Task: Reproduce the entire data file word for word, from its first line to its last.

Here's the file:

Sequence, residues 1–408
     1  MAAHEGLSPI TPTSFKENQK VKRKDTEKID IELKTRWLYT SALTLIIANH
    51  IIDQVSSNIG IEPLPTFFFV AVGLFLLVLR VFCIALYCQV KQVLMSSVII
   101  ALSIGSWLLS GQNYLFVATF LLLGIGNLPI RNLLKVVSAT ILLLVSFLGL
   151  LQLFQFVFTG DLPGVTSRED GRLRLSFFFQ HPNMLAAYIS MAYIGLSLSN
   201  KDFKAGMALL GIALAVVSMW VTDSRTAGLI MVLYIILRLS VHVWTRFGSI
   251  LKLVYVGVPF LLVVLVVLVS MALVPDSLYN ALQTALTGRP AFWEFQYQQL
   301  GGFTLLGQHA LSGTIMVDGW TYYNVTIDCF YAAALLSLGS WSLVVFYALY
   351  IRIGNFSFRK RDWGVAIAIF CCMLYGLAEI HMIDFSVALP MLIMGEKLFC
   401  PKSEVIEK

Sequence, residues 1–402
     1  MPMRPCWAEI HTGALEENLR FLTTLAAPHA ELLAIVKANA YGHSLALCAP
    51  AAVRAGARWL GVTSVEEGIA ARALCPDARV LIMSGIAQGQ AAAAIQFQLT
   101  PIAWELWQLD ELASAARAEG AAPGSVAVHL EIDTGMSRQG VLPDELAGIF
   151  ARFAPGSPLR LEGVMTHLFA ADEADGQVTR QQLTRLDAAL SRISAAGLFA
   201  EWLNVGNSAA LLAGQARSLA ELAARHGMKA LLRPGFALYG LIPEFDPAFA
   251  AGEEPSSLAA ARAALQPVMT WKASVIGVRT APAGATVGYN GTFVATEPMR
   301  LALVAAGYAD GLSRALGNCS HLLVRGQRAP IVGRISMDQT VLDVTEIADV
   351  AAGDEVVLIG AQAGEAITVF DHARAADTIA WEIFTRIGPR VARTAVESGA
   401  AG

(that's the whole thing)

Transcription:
Sequence, residues 1–408
     1  MAAHEGLSPI TPTSFKENQK VKRKDTEKID IELKTRWLYT SALTLIIANH
    51  IIDQVSSNIG IEPLPTFFFV AVGLFLLVLR VFCIALYCQV KQVLMSSVII
   101  ALSIGSWLLS GQNYLFVATF LLLGIGNLPI RNLLKVVSAT ILLLVSFLGL
   151  LQLFQFVFTG DLPGVTSRED GRLRLSFFFQ HPNMLAAYIS MAYIGLSLSN
   201  KDFKAGMALL GIALAVVSMW VTDSRTAGLI MVLYIILRLS VHVWTRFGSI
   251  LKLVYVGVPF LLVVLVVLVS MALVPDSLYN ALQTALTGRP AFWEFQYQQL
   301  GGFTLLGQHA LSGTIMVDGW TYYNVTIDCF YAAALLSLGS WSLVVFYALY
   351  IRIGNFSFRK RDWGVAIAIF CCMLYGLAEI HMIDFSVALP MLIMGEKLFC
   401  PKSEVIEK

Sequence, residues 1–402
     1  MPMRPCWAEI HTGALEENLR FLTTLAAPHA ELLAIVKANA YGHSLALCAP
    51  AAVRAGARWL GVTSVEEGIA ARALCPDARV LIMSGIAQGQ AAAAIQFQLT
   101  PIAWELWQLD ELASAARAEG AAPGSVAVHL EIDTGMSRQG VLPDELAGIF
   151  ARFAPGSPLR LEGVMTHLFA ADEADGQVTR QQLTRLDAAL SRISAAGLFA
   201  EWLNVGNSAA LLAGQARSLA ELAARHGMKA LLRPGFALYG LIPEFDPAFA
   251  AGEEPSSLAA ARAALQPVMT WKASVIGVRT APAGATVGYN GTFVATEPMR
   301  LALVAAGYAD GLSRALGNCS HLLVRGQRAP IVGRISMDQT VLDVTEIADV
   351  AAGDEVVLIG AQAGEAITVF DHARAADTIA WEIFTRIGPR VARTAVESGA
   401  AG